You're defining "society" as a pointless philosophical abstraction. I'm defining "society" in terms of the only thing I care about: the people and country around me. I'm not interested in the history books that remain to be written. I think most Americans feel similarly. It might be satisfying in some intellectual sense if "the worldwide shared culture of the 21st century" (of which America might represent a small fraction numerically, but which is disproportionately American in its composition) survives, but does little good for Americans who suffer.
The country/government is irrelevant, the people are the society and that is what I am defining it as. Governments have come and gone with great frequency; societies almost always survive them. Really only genocides, cultural or otherwise, can halt them (and mad bombers are in no position to perform any sort of genocide against modern society).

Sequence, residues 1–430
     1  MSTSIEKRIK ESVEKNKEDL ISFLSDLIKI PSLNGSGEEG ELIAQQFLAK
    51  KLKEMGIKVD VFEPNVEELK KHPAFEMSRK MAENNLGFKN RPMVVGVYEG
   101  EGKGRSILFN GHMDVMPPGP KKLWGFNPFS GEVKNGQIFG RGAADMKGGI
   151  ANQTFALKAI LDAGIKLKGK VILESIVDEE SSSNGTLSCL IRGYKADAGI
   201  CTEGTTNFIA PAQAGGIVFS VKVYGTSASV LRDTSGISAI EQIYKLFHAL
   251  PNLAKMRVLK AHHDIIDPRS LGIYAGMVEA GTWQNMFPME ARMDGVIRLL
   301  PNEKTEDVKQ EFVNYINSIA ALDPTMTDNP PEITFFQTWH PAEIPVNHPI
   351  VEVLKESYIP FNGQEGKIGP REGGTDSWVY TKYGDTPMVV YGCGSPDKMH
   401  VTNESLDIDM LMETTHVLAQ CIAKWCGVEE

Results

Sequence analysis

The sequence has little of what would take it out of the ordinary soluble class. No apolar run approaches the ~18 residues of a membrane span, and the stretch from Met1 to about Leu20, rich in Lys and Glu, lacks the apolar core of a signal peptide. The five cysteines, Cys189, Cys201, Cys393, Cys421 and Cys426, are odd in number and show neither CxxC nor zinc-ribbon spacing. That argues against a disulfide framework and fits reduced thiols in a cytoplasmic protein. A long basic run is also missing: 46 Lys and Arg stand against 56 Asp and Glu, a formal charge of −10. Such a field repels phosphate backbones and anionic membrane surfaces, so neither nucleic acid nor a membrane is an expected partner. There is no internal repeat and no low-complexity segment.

It strikes me as a fairly American-centric viewpoint that conflates American government and American society. Plenty of other countries with strong, long-lived, cultural identities have gone through numerous governments in past centuries, many of these governments lasting a few short decades or less. A government is much easier to kill than a society, and dies with far fewer consequences.
If the death of a society is not what you are actually concerned about, then perhaps you should have put some thought into your initial comment before drawing comparisons to the fall of the roman empire. If merely the fall of governments and economies is what you are worried about, there are countless better examples.